Today sees the launch of Holly Birtles‘ latest exhibition, I Keep My Expression In My Nose, at Dalston’s Doomed Gallery, East London.
Birtles’ arrived in London in 2005, to study BA Hons Photographic Arts at Westminster University, followed by an MFA Fine Art at The Slade School of Art, and now works as a photography lecturer at University Centre Farnborough. Her photography presents dialogue through image manipulation, and pairing with sculptures created with clay or inflatables. The childhood dream was to be either a photographer or a gladiator, “I am glad I chose to be a photographer.”
What has been your career path so far?
Teaching photography to a range of ages and levels, currently level 3 and Degree photography. Running Arts clubs, working in art shops when studying, including The London Graphics Centre and Atlantis Art Materials. Joining a book collective, BBB Collective, who have shown in London, Newcastle (The Baltic) and Norway. Collaborating with musicians, book makers and performers. Working with/running workshops, and collaborating with patients at Great Ormand Street hospital that have brain injuries. Working with The London Brain Project. Exhibiting in the UK, predominately London. I’ve also shown work in China, Malta, Norway, USA and Germany.
What are the tools of your trade?
Analogue film photography (medium format 6 x 7 cm Mamiya RB67). Photographic studio lighting. Dark room experimentation, paired with sculpture drawings using inflated objects such as: giant swans, balls and rubber rings. Software: Adobe Photoshop, Indesign and Premier. Mark making includes graphite, paint pens, fine drawing pens & acrylic paint.
Previous bodies of work have dealt with extremities of human emotions, portrayed through experimental performance techniques. For example, 70s British rock band, Dr Feel Good, expressed negative words on repetition (project: Dr Feel Bad), sax player Terry Edwards repetitively playing a C sharp, and most recently I constructed a body of work in response to an experimental science fiction poem by DJ Pangburn, called Ye Slapstick Daisy. A Brooklyn-based writer, working in interactive fiction and journalism, Pangburn’s interactive audio-visual poem explores an artificial intelligence, speaking and displaying a ritualistic combination of computer commands.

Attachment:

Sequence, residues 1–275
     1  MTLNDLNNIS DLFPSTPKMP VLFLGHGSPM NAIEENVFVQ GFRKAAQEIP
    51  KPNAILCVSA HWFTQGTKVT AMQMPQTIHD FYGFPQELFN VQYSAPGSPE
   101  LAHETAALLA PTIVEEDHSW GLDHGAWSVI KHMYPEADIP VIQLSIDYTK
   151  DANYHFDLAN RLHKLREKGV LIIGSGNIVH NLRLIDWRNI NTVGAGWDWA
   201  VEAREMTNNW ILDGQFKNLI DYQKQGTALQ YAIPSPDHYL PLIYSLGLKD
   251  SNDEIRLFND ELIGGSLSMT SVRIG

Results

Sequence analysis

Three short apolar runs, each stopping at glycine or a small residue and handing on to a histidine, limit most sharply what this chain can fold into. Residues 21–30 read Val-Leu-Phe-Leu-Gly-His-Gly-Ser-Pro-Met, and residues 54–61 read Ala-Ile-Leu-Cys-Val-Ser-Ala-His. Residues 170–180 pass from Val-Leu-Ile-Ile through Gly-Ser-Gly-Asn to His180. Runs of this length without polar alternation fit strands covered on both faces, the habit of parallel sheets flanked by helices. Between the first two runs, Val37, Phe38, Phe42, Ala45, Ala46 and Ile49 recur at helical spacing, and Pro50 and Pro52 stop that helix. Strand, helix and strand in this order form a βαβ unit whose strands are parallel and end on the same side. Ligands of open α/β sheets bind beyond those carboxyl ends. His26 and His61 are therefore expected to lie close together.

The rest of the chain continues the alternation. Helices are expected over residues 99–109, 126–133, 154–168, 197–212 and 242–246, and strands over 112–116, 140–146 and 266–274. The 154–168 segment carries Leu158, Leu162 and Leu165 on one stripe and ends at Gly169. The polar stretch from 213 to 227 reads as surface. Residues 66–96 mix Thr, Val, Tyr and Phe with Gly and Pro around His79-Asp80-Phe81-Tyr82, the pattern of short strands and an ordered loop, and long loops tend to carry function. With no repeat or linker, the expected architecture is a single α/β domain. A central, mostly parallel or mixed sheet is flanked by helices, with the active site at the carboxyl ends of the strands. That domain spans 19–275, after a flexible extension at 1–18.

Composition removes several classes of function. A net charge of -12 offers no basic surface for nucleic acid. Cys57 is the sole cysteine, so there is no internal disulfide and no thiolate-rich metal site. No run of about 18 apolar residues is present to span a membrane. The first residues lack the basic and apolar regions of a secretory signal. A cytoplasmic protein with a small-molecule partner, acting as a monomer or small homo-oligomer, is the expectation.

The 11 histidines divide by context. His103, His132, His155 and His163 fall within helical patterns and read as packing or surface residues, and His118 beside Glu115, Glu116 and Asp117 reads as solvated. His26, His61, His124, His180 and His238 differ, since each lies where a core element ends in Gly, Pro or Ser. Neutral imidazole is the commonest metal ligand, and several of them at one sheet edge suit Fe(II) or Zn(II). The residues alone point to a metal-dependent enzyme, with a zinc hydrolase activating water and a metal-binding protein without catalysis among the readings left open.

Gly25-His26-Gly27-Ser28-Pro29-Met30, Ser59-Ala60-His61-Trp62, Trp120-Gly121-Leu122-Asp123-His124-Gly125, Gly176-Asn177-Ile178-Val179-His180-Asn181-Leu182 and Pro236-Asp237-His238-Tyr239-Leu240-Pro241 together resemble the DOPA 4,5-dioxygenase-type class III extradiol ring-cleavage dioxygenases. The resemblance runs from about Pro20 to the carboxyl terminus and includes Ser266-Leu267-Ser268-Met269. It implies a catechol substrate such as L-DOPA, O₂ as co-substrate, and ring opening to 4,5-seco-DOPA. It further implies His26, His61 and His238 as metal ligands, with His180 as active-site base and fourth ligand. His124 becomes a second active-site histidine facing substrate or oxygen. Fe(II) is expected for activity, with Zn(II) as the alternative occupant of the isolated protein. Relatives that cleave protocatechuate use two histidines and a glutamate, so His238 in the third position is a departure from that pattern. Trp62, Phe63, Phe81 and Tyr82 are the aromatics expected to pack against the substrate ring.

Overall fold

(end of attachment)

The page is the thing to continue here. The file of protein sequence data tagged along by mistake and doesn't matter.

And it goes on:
With this poem, I mimicked similar techniques from the Dr. Feel Bad series based on repetition, and the James Lange Theory of Emotion, which insinuates that the performance of an expression causes emotional activity, only after cognitive evaluation of the event. The subjects include musicians, artists, volunteer models and operatic singers. Each subject expressed lines from the poem on repetition, some sung, some shouted, and some softly chanted.
What are you working on at the moment?
I Keep My Expression In My Nose – a series of images and stop frame animations, using photographs and sound recordings taken from performances, later to be transformed into large scale portraiture. The series will be constructed through research based on memory, trauma and reconstruction in relation to photography. Through research performances, later to be shot on medium format film. Collaborating with neuroscientists, musicians, performers and artists, the performances constructed are often of a dark, yet humorous nature. They will memorise, fictionalise and perform using alternative expressive means of communication.
Performances include organised operatic chants, repetitious conducting, chanting with false noses, chanting within and around inflated sculptural objects, and wearing cake as a hat. Each frame is digitally edited using manipulation techniques and later printed in the dark room or as a large scale digital c-type. Images are then collated and translated into film, purely constructed from stills. The film is narrated with a montage of traumatic stories that have been donated anonymously.
Holly Birtles | I Keep My Expression In My Nose
27th – 30th October | Private View 27th (6-9pm)
Doomed Gallery, 65/67 Ridley Road,Dalston, E8 2NP
Holly Birtles’ Top 5 London (and Suffolk)
To Eat: Tayabs, Whitechapel. The best fish curry!
To Drink: Indo, Whitechapel – staff, regulars and art on the walls
To Party: Indo, whitechapel – staff, regulars and art on the walls
To Walk: Aldeburgh, Suffolk – on the beach. Always loved it there, peaceful, cold swimming and seafood.
To Shop: I dont know